Of course, our Oscar is not the kind of guy who wants his pretty face banged up. He's now 29-0, but his reluctance to face top fellow welterweights like WBA champ Ike Quartey or the IBF's Felix Trinidad has elicited scorn from all but the armies of young women who trail in his wake. In a previous bout, in June, De La Hoya took on French challenger Patrick Charpentier in El Paso, Texas. Almost before 45,000 witnesses had settled into their $50 or $500 seats, Oscar had knocked his man out.
This prompted one wit to observe of Charpentier: "I've seen tougher croissants."
Quartey and Trinidad are scheduled to go at it November 14 in a so-called welterweight unification fight: If De La Hoya fails to take on the winner sometime after that, his victories over the Charpentiers and decrepit Chavezes of the world will look pretty hollow and false.
As for the other principals in this weekend's sudden surge of boxing news, you can make short odds on one thing: Tyson-Holyfield 3 is a dead certainty. If the promoters have any sense, they'll book it into Kosovo, bill it as the "Battle to the Death," and give each man a machete and a mace.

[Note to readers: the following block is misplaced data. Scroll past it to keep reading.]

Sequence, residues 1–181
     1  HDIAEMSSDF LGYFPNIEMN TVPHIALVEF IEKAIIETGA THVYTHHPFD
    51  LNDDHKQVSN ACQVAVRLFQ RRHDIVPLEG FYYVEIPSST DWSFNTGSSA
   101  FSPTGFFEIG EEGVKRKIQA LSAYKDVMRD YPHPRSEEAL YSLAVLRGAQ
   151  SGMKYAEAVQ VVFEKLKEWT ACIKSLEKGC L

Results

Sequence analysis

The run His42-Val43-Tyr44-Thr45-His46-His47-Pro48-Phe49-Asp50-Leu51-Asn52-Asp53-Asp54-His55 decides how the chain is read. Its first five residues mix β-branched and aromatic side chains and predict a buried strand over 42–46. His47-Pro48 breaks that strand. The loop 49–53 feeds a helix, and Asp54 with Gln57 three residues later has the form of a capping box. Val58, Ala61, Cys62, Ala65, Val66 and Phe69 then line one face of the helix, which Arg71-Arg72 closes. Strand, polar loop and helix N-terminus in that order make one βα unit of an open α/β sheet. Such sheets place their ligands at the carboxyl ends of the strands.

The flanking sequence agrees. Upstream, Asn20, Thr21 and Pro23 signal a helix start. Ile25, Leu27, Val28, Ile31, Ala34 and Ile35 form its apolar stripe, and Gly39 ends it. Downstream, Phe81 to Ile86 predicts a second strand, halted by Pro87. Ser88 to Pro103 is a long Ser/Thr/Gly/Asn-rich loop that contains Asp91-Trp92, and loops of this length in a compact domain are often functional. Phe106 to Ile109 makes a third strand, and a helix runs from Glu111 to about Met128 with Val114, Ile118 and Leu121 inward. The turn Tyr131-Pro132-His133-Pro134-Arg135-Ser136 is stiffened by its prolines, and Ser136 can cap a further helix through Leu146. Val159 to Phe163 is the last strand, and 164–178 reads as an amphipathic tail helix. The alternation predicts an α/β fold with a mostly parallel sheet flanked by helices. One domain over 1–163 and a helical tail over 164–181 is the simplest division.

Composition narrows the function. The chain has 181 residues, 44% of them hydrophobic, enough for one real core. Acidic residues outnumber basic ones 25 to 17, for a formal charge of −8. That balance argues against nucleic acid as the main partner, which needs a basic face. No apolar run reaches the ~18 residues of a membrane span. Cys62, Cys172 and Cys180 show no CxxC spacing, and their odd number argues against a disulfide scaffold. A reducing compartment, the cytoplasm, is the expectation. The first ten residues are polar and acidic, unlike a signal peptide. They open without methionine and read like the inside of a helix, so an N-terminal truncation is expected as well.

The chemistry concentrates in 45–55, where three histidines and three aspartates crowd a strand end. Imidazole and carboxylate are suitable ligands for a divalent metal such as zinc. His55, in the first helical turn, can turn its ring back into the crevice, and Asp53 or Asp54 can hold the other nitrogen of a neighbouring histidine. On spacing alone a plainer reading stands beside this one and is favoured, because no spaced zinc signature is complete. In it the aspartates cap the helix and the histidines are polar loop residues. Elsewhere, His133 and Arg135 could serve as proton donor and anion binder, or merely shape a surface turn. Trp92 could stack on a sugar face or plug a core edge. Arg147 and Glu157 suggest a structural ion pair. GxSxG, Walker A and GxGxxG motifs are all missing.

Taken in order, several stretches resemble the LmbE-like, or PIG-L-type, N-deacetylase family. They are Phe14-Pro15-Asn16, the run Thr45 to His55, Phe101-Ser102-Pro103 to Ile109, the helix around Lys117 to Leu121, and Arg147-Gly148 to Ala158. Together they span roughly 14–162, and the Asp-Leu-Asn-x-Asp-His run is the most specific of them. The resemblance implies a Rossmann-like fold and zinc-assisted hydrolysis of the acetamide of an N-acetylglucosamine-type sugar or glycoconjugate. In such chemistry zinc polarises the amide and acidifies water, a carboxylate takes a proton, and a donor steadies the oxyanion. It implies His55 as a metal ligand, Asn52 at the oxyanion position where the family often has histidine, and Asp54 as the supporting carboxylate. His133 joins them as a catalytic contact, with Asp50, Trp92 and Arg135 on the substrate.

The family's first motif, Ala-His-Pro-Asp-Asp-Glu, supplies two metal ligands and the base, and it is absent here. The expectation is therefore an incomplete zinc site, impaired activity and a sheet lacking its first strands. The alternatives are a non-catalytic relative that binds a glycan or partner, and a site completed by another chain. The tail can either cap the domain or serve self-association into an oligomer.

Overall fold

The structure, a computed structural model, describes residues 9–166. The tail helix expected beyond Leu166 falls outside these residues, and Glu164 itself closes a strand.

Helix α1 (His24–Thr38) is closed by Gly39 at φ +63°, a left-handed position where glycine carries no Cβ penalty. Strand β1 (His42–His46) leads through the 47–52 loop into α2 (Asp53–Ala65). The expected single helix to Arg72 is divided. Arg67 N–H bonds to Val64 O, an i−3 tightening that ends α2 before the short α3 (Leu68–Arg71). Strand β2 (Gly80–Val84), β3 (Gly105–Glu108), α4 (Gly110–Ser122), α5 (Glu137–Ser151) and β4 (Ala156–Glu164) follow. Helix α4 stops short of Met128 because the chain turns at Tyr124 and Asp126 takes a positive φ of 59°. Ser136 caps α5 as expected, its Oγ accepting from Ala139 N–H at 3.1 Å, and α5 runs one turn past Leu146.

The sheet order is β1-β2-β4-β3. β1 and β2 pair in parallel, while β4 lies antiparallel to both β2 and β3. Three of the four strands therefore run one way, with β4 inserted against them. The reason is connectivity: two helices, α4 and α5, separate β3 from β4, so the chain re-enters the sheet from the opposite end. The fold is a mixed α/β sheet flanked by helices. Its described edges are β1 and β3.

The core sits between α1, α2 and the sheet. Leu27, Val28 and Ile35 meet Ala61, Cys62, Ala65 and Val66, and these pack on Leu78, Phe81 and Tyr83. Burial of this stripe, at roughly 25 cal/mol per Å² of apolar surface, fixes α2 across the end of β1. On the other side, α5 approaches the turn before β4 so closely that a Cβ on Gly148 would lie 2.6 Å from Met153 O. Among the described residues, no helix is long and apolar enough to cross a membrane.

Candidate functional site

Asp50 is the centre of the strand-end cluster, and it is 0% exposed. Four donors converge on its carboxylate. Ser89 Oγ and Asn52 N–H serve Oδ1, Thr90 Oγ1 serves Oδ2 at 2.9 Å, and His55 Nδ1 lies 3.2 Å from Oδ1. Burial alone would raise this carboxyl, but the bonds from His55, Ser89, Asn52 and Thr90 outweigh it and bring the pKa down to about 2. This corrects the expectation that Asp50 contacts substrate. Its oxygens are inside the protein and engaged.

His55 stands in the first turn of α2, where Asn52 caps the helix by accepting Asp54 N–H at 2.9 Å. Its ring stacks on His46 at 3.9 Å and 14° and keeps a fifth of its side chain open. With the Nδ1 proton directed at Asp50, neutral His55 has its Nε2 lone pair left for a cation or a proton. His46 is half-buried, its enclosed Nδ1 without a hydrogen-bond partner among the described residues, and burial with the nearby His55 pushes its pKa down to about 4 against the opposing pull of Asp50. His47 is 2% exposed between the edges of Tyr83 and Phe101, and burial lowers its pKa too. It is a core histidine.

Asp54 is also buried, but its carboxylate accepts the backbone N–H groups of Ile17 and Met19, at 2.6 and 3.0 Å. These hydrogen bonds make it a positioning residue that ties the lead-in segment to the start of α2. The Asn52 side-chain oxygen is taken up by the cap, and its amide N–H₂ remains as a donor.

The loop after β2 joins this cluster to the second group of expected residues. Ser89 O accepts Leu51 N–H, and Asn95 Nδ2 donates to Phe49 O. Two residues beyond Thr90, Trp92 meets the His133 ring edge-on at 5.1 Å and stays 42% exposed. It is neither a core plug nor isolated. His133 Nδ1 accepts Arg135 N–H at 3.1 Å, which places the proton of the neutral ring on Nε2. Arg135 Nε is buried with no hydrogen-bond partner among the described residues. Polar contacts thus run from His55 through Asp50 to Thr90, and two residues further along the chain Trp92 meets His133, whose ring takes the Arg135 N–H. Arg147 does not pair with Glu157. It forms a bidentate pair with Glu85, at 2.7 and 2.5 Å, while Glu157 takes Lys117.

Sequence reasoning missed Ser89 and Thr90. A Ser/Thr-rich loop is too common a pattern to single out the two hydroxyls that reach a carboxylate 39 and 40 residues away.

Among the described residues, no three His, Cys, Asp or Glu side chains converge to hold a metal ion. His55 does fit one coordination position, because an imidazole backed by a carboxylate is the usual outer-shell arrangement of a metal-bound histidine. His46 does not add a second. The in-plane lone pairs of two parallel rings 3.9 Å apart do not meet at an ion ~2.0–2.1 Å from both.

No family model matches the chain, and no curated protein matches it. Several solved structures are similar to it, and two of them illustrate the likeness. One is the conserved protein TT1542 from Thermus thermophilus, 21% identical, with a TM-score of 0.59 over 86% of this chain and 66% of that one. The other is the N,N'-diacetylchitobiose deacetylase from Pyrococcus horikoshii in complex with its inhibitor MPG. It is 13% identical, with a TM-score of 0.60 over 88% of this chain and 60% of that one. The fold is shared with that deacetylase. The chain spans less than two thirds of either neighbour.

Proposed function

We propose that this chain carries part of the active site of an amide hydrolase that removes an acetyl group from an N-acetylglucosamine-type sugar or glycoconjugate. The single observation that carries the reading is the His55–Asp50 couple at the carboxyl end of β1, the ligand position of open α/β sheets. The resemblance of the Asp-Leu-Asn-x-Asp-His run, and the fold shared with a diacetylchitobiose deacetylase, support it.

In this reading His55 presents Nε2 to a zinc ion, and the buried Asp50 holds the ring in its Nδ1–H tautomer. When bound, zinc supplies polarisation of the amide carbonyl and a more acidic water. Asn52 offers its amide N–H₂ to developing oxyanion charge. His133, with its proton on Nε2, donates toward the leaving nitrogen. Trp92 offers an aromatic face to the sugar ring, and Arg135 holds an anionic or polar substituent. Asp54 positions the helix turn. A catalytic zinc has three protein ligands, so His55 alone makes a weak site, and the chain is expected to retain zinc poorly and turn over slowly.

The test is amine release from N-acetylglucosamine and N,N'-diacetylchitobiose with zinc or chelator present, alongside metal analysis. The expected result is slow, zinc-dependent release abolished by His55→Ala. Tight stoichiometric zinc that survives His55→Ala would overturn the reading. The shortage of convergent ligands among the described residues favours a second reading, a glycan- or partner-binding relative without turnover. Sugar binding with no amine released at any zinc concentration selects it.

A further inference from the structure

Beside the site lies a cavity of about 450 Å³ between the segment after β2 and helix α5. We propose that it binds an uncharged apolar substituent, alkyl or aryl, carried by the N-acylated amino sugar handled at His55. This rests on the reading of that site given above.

Viewing from their rocking chairs, George Foreman and Larry Holmes might even find it great sport.
In this extraordinary baseball season, Roger Maris's 61 in '61 has been soundly thrashed, 37 years after the fact, by not one, but two home-run sluggers--Mark McGwire and Sammy Sosa. Rocket Roger Clemens, now a Toronto Blue Jay, has made one of the most astonishing pitching comebacks in history, winning nineteen games and establishing a league-leading 2.63 earned-run average.
One of the most gracious men in the game, Baltimore's Cal Ripken Jr., has voluntarily put an end to his incredible consecutive-games streak, at 2,632. Until Sunday, Cal hadn't had a day off since May 30, 1982, and has established a record that will never been broken. As you may know, he surpassed Lou Gehrig's Iron Man mark (2,130 straight) on September 6, 1995.
That leaves Hack Wilson in splendid isolation above his peers--then and now. At the All-Star break, it seemed that Texas Rangers outfielder Juan Gonzalez, with 103 runs batted in, had a legitimate shot at Wilson's 68-year-old record of 190 RBI. But Juan Gone faded in the sultry Texas heat. As of Monday, he had knocked in 154 runs--a splendid feat, to be sure--but far short of the tragic, barrel-chested Cub who wore a size 5 1/2 shoe.
Bad taste be damned. Today we raise a Dewar's-and-soda to you, Hackster. Way to go. You're still safe at home.